Bill Snider

  5. Wilma says:

    One time I got one of those in the snail mail. You’ve won the European lottery!!!!! Send us $5000 for fees and expenses and you get a million dollars. I sent them a note that said, ” Get the money and take out the fees and expenses of $5000 then send me the rest”. Funny thing is I didn’t get a reply. =)

    • lycans says:

      ahahahahah LOL yeah there was a similar thing in London it was funny apparently said i’ve won a f’ loads of money i relied n never got a reply it was pretty much the same as yours =D

  6. Wilma says:

    Checked out that and it’s interesting but when you go to the trophy room there are soooooo many pictures of people posing with signs that say really stupid things I find it hard to believe that the scammers wouldn’t have some one who reads english tell them what that sign says. Did they not contact in english? Are they just as stupid as the ones they’re scamming or is there a whole lot of photo shopping going on? I plan to read further but interesting site.

  7. JH says:

    I’m an active member of and I do scambait in my spare time. It’s lots of fun to cause havoc for these fiends! Just got to make sure you set things up right so you don’t give them any of your real information.

    So far I’ve shut down about half a dozen of the “lads'” bank accounts and a fake bank website. Great feeling of accomplishment!

    It’s cool to hear 419eater mentioned in this blog- I just hopped over here from there and I saw it!

    • Jim says:

      Keep fighting the good fight!

      What’s your favorite one?

      • JH says:

        Favourite? I rather like the “dead political figure investing in your country” as they’re more talkative. Those scams involving winning a lottery or somesutch are usually more terse and “business like”. Not a fan of the “love lads” as Servelan is mentioning. “Hitlads” are fun, but I’ve never had one- they’re rare. Basically, they tell you they’re going to kill you unless you pay them, or something like that.

        I’d say my best experience so far is having extremely frustrated one lad because my “character” doesn’t speak or type very good english, and he isn’t that smart… It’s still going on, but my best part so far is having put my wire transfer receipt (which I pretended to have) and passport in my “scanner” (Microwave) and complain that it caught fire and the fumes killed my dog. Then I sent him a picture of my microwave and asked for his technical support.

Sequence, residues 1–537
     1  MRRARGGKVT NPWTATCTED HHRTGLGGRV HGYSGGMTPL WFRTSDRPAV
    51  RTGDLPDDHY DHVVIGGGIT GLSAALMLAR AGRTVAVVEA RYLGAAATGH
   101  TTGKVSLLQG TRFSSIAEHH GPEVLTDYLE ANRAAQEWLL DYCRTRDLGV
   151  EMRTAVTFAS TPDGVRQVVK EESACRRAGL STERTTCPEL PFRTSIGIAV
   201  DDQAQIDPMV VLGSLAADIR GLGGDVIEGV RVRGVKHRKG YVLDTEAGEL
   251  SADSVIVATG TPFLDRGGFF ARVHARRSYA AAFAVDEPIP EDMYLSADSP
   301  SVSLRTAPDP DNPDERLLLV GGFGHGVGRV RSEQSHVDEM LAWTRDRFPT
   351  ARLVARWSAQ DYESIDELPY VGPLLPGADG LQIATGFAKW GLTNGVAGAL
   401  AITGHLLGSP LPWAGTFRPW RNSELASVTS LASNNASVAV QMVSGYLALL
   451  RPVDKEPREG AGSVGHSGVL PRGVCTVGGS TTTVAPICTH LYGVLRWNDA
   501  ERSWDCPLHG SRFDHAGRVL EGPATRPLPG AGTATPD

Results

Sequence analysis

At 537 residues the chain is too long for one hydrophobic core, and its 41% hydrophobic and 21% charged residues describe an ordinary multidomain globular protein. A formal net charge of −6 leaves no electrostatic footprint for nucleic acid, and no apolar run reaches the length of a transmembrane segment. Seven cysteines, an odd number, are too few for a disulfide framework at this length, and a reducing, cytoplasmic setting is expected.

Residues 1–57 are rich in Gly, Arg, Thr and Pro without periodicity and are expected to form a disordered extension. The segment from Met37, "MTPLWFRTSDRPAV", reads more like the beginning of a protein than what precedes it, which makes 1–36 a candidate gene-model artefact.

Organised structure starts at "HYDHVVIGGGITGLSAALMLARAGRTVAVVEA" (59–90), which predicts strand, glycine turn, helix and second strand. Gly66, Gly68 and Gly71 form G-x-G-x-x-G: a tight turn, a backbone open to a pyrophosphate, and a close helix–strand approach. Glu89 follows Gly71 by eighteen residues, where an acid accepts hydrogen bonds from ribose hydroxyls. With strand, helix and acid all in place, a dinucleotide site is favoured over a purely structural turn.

He’s still trying to get money out of me. 🙂

  8. Servelan says:

    I always get the ones preying on my sympathy…’dear beloved, my husband died and left me all this money, and I can’t get to it because of unrest in the country and my children and I desperately need your help’.

    Rather have the Spanish Prisoner than all the maudlin stuff.

    I have a small business and regularly get ‘we’d like to make an order’ e-mails from people in foreign countries asking for a catalog and the like [I’m still in the process of getting my website ready to sell online so there’s nothing there], and I’ve taken to telling them ‘we only take gold, plus 25% for shipping overseas, payable in advance and our minimum order is $10,000’. Darned if I didn’t get a response to my e-mail stating that, though!

Please Leave a Reply
Bargaineering Comment Policy

Previous Article: «
Next Article: »
Advertising Disclosure: Bargaineering may be compensated in exchange for featured placement of certain sponsored products and services, or your clicking on links posted on this website.
About | Contact Me | Privacy Policy/Your California Privacy Rights | Terms of Use | Press
Copyright © 2016 by All rights reserved.